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Celebrating World Digital Preservation Day

Published date
29 Nov 2018
Author
rsampson

(C) Digital Preservation Coalition

Today we are joining organisations around the world to celebrate the second World Digital Preservation Day (first launched as International Digital Preservation Day in 2017). The day aims to raise awareness of digital preservation and the work taking place to ensure collections remain accessible over time.

All of our digital objects – in any format – are at risk of obsolescence, corruption or destruction. They need to be actively managed, so that they remain accessible. Storage alone is not a solution to digital preservation. It is instead a combination of people, processes, and technologies which together provide the means to capture, preserve and provide access to the digital objects found in our collections.

Our archives and special collections include material relating to film, performance, design, books arts, fashion, textiles, sound arts, the history of the institution, and the emerging digital arts landscape. These are increasingly hybrid in nature – containing both physical alongside more and more digital materials, created through digitisation, or born digital. During 2018, in the first phase of the Digital Archives & Collections Project, we have been establishing the infrastructure and processes for managing and preserving our growing digital collections. We introduced the project in a blog post earlier this year and we are now able to provide an update, to coincide with World Digital Preservation Day.

Home to more than 20TB of digital archives and special collections materials, we are focusing on an agreed list of priority collections. These represent various types of media and include materials from collections across the six different colleges. They have been identified as a priority for preservation, improved access, or a combination of the two. Those flagged as being prioritised primarily for preservation are those which are considered most vulnerable. This may refer to concerns around current storage, for example digital materials held on an external hard drives, or the age of the digital material. Or indeed its prioritisation may be based on its uniqueness, for example our digitised materials could be digitised again if needed, whilst we will likely be unable to replace born digital materials if lost.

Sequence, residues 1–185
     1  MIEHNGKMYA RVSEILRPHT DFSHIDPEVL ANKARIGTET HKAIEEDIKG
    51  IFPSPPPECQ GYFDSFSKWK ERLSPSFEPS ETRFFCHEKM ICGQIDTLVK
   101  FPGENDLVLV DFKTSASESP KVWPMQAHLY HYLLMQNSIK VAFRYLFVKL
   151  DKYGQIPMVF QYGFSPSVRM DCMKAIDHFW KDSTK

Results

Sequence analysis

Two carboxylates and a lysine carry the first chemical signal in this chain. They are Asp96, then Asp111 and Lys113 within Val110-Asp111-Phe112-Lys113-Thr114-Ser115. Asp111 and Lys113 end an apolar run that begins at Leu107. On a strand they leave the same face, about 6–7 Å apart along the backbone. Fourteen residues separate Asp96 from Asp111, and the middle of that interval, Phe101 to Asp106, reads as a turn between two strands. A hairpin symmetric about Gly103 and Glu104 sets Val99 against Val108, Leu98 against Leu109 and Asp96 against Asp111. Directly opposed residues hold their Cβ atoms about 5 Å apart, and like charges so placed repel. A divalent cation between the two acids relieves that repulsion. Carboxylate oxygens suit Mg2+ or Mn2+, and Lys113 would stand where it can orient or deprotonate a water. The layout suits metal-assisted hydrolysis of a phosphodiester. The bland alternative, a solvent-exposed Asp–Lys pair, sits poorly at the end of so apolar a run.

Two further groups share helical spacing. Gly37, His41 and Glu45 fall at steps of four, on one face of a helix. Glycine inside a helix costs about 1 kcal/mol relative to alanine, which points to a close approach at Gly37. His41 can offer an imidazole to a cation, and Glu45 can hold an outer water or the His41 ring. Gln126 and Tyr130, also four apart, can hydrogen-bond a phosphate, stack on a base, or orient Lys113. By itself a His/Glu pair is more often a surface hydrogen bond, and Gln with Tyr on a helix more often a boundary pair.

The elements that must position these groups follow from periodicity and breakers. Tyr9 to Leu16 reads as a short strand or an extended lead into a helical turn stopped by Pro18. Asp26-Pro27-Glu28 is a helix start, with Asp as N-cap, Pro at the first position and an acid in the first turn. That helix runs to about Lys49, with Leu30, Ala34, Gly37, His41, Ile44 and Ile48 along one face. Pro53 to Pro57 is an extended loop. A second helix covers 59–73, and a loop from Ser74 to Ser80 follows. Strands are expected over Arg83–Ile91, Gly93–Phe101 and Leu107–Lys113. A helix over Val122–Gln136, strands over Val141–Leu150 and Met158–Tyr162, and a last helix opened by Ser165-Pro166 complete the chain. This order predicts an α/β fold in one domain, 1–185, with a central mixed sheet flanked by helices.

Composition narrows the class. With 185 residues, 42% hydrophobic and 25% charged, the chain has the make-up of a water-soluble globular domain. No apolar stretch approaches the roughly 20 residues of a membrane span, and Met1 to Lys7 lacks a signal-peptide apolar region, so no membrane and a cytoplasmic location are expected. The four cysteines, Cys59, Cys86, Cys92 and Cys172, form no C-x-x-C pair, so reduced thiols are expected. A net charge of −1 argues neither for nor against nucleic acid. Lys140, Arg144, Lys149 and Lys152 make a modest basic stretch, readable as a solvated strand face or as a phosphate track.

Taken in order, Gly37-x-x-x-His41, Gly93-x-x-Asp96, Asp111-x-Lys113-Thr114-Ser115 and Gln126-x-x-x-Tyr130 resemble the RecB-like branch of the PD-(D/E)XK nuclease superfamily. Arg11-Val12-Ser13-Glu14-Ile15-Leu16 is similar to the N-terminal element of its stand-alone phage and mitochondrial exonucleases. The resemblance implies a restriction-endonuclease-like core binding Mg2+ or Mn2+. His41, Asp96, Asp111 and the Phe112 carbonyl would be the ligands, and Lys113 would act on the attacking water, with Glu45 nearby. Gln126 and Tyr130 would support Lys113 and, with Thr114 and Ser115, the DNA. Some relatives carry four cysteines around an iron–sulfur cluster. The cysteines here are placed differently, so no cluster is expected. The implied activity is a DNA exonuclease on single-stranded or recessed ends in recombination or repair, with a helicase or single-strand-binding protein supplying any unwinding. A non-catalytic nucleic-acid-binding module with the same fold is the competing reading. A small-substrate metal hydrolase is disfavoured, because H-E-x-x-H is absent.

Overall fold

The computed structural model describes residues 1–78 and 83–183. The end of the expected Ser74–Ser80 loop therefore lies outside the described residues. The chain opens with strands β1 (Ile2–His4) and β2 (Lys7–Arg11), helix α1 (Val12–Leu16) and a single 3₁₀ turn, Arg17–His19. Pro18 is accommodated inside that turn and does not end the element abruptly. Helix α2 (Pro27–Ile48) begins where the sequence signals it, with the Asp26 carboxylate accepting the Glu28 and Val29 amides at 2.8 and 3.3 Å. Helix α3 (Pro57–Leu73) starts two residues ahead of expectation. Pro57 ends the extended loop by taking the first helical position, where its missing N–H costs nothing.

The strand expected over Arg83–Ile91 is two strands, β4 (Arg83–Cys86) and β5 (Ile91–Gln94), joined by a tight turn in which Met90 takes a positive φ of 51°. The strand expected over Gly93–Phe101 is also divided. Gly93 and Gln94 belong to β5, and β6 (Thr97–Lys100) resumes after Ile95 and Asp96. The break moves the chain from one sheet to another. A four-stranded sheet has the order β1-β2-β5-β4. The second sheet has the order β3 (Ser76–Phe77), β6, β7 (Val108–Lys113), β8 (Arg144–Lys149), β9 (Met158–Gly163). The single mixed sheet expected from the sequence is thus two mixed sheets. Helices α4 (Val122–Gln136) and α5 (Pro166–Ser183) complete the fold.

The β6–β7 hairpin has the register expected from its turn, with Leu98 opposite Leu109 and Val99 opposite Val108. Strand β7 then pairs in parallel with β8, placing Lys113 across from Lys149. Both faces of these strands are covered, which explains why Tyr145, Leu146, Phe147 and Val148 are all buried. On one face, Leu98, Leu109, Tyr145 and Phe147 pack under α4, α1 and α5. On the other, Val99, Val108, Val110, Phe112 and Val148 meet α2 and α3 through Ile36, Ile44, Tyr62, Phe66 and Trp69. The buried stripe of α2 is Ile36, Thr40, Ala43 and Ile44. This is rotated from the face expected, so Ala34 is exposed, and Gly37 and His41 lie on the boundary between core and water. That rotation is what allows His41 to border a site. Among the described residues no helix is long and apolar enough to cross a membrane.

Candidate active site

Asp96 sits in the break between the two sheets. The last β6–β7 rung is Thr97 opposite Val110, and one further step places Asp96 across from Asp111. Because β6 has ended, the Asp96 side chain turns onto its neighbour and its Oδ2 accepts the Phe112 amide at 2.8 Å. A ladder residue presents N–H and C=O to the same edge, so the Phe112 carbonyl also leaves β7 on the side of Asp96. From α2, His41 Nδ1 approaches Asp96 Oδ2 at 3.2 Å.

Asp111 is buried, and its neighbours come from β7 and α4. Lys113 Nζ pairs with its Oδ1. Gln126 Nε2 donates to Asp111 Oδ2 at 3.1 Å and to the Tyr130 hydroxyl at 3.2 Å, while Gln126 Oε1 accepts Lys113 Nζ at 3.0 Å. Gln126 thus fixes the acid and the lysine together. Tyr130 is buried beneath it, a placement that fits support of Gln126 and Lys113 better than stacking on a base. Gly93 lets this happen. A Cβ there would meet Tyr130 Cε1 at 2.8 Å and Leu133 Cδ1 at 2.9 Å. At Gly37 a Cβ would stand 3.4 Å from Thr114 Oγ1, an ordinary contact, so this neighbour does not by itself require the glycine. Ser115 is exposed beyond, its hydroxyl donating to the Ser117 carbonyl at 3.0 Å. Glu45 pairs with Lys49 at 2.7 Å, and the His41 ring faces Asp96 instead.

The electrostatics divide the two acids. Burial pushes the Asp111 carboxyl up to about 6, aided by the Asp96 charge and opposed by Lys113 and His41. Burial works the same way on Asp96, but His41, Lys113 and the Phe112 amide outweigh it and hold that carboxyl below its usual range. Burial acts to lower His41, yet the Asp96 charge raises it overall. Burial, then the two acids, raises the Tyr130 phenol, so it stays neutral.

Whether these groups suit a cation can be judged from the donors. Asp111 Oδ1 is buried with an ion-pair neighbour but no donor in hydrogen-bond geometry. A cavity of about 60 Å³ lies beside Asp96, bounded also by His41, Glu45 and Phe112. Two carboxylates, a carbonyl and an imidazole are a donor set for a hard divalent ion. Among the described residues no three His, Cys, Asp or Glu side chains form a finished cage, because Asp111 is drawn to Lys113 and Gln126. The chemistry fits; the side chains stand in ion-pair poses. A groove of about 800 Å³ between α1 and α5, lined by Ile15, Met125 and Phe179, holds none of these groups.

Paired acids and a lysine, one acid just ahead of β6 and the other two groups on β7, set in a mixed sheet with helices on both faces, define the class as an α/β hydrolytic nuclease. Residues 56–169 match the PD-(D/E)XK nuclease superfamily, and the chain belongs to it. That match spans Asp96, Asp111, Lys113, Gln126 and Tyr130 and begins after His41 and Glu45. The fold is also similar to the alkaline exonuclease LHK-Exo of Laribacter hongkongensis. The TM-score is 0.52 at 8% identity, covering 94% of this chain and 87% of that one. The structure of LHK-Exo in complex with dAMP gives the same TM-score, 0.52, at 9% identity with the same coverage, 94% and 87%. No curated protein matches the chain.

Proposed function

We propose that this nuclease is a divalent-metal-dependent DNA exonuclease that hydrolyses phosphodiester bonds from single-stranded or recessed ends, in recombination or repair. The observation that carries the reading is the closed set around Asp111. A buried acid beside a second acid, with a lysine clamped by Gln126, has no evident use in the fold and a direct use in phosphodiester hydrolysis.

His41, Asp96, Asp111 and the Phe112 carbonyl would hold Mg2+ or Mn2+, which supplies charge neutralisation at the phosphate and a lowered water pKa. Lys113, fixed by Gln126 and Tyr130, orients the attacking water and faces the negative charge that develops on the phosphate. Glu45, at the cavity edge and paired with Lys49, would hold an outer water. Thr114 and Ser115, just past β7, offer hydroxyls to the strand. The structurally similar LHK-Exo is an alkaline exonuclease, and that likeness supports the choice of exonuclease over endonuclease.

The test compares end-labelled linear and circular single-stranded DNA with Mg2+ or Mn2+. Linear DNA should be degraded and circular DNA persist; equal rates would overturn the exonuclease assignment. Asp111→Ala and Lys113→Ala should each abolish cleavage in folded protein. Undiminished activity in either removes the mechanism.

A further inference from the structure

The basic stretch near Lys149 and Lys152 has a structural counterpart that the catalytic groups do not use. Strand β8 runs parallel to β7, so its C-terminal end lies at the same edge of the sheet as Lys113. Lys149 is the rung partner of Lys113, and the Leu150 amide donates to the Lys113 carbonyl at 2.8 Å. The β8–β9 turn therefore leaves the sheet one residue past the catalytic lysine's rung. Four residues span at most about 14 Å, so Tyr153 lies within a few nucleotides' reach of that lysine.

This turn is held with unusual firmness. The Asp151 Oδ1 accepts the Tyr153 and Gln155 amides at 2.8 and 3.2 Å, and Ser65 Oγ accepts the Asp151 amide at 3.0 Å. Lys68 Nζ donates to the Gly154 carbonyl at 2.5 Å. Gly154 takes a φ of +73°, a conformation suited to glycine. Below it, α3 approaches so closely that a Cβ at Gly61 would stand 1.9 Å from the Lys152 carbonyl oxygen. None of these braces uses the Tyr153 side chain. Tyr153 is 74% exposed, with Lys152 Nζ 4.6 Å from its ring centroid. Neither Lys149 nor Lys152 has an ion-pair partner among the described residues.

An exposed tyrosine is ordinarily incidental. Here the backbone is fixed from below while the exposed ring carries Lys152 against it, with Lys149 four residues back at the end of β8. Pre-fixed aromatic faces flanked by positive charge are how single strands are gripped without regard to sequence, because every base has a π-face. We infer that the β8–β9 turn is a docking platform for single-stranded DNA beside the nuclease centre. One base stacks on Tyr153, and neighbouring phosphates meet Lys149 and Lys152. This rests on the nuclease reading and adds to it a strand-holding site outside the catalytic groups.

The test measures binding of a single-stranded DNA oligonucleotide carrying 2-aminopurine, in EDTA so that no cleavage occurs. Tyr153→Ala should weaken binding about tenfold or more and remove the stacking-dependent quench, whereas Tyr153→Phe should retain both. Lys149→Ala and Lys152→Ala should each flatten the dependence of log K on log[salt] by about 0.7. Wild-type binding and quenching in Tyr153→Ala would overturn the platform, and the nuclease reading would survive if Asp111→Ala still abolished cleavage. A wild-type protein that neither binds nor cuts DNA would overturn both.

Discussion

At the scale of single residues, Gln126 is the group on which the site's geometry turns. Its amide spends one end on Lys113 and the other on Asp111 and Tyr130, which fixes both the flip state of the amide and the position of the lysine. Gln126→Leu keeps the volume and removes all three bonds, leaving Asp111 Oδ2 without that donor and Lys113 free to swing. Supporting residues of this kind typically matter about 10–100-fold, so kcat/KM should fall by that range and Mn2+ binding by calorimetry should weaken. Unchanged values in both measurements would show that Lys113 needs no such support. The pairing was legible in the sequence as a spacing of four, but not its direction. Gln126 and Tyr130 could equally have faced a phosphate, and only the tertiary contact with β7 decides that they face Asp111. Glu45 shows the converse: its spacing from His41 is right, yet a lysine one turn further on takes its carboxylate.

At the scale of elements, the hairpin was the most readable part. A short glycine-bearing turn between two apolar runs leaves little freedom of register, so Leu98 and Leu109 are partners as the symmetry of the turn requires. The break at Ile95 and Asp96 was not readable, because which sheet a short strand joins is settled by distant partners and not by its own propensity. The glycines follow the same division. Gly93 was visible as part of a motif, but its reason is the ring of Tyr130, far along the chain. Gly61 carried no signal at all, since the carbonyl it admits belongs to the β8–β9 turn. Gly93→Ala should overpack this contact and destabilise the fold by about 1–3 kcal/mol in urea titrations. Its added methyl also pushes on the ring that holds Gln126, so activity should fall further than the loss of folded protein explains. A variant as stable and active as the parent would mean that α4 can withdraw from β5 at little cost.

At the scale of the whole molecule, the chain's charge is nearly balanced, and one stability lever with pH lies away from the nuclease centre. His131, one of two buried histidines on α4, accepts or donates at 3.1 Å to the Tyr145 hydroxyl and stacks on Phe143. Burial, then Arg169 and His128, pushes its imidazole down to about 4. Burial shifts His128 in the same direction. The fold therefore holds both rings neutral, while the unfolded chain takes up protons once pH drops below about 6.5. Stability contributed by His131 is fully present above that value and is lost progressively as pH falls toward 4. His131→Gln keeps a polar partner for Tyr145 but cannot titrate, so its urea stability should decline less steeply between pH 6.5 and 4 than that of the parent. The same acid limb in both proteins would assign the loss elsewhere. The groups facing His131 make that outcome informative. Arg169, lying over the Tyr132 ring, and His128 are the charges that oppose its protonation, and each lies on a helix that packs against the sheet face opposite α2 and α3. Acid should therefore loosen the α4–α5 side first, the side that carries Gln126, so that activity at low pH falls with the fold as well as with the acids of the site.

In recent months we have been preparing collections for upload into our new digital preservation system. This has included an amount of ‘digital housekeeping’, where we are ensuring that file names and structures are meaningful and will aid their discovery.

In a milestone for the Project, following testing during the summer months, we recently uploaded our first collections to our digital preservation system. These includes a number of estates plans digitised between 2016 and 2017. These plans, which date from 1935-19890, chart the changing landscape of the University & its constituent Colleges, including plans of buildings which are no longer part of UAL.

Digitised estates plan from the UAL archive (C) UAL Archives and Special Collections Centre

One of the primary objectives of this project is to make digital collections available for teaching, learning and research, in a way which meets the expectations of our art and design community. In the second phase of the project we have begun exploring the development of a new online portal for our digital archives and collections.

Elisabeth Thurlow